Coordinator, Bryan McGraw
The certificate in Peace and Conflict Studies is an interdisciplinary program that examines the causes of violent conflict; mechanisms and models for dealing with violent conflict; and norms, practices, and institutions for building a just and sustainable peace. The Peace and Conflict Certificate prepares students to think critically in the midst of geopolitical complexities like war, genocide, terrorism, and human rights violations. The program combines theoretical rigor with theological, moral, and ethical reflection on topics related to war and peace.
Requirements for a Certificate in Peace and Conflict Studies are 24 hours of coursework according to the following distribution. Students from all majors are eligible to receive a certificate in Peace and Conflict Studies.
|PACS 101||Introduction to Peace and Conflict Studies||4|
|Theology or Political Philosophy|
|Select one of the following:|
|Christian Political Thought|
|COMM 367||Reconciliation & Conflict Resolution||2|
|or IR 329||Forgiveness & Reconciliation|
|PACS 494||Senior Seminar in Peace and Conflict Studies: Peace, Reconciliation, and Justice||2|
|Internship or Practicum/Experiential 1|
|Select 10 credits (see list)||10|
Internships must be substantively related to themes of Peace and Conflict Studies and pre-approved by the director. Internships for other majors may count for Peace and Conflict Studies.
Electives (10 hours) Electives for the Peace and Conflict Studies Certificate cover two major topical areas: Community Transformation and Global Justice. These foci are consonant with two major levels of conflict and peacebuilding and will help prepare students to pursue fields and post-graduate studies in areas such as community development, international development, and conflict medation.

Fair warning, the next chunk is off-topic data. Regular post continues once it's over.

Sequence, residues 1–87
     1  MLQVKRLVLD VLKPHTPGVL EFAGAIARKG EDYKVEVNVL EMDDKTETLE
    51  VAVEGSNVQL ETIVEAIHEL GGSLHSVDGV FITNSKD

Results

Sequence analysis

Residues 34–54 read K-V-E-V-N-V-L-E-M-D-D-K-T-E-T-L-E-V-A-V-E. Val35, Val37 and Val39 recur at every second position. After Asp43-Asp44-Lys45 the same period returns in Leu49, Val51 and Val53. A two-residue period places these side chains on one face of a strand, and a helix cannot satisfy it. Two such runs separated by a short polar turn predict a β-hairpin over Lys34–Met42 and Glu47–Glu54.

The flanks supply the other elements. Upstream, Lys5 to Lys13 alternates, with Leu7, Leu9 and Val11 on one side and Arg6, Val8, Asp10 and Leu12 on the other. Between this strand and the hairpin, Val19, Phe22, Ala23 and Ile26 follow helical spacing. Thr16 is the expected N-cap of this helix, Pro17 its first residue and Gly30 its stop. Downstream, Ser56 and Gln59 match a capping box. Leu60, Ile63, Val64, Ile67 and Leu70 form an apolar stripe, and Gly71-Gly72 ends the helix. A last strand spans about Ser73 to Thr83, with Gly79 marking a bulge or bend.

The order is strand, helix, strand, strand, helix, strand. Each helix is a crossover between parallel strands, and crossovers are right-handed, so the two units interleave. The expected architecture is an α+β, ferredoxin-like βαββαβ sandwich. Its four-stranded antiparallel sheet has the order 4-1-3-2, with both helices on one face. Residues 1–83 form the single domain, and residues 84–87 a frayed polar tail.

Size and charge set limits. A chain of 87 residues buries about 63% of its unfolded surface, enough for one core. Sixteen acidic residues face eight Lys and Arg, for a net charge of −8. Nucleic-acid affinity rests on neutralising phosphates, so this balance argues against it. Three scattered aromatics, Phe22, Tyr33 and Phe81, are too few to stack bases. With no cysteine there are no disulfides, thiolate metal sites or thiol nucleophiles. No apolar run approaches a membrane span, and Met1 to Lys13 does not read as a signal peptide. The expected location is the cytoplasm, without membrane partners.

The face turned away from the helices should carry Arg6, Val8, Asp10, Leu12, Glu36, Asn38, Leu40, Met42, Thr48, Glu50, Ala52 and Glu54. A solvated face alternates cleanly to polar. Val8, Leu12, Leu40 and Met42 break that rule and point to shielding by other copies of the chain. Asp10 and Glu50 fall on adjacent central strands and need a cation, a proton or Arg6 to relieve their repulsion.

The Community Transformation (CT) courses focus primarily upon factors and conditions that spur violence within communities, resources for conflict management and resolution at the local level, and movements, ideas, and methods for building peace locally and domestically. While the global context is consequential for local and domestic violence and peace efforts, the unit of analysis in the majority of these courses is the local and/or domestic level.
The Global Justice (GJ) courses focus primarily upon factors and conditions that spur violence within and between state and non-state actors, resources for conflict management and transformation at the national and international levels, and methods and strategies for building peace among and within nations. While the local context remains consequential, the unit of analysis is the national and/or international level.
|ANTH 354||Culture in the Contemporary World (GJ)||4|
|ART 329||Community Art (CT/GJ)||3|
|ART 429||Community Art II (CT/GJ)||3|
|COMM 223||Communication & Diversity (CT)||2|
|COMM 367||Reconciliation & Conflict Resolution (CT/GJ)||2|
|ECON 347||Urban Economics (CT)||4|
|ECON 362||Wealth & Poverty of Nations (GJ)||4|
|ECON 365||Economic Growth & Development (GJ)||4|
|ECON 378||Economics of Labor & Poverty (CT)||4|
|ENVR 221||Living in the Environment: An Introduction to Environmental Science (CT/GJ)||4|
|ENVR 319||Environmental Ethics (CT/GJ)||4|
|HIST 349||Origins of Contemporary Europe (1870-1950) (GJ)||4|
|HIST 361||The Global Cold War (GJ)||4|
|HIST 374||Nazi Germany (GJ)||4|
|IR 315||Politics of Global Development (GJ)||4|
|IR 329||Forgiveness & Reconciliation (CT/GJ)||2|
|IR/URBN 362||Urban Politics in a Global Age (CT/GJ)||4|
|IR 375||Globalization (GJ)||4|
|IR 378||U.S. Foreign Policy (GJ)||4|
|MSCI 211||American Military History (CT/GJ)||2|
|PHIL 241||Suffering (CT/GJ)||4|
|PHIL 251||Global Justice (GJ)||4|
|PSCI/URBN 385||Urban Politics (CT)||2|
|PSYC 235||Cross-Cultural Psychology (GJ)||2|
|PSYC 241||Social Psychology (CT)||4|
|SOC 337||Racial and Ethnic Relations (CT)||4|
|SOC 341||Social & Political Movements (CT)||4|
|SOC 347||Gender & Society (CT)||4|
|SOC 355||Social Class & Inequality (CT)||4|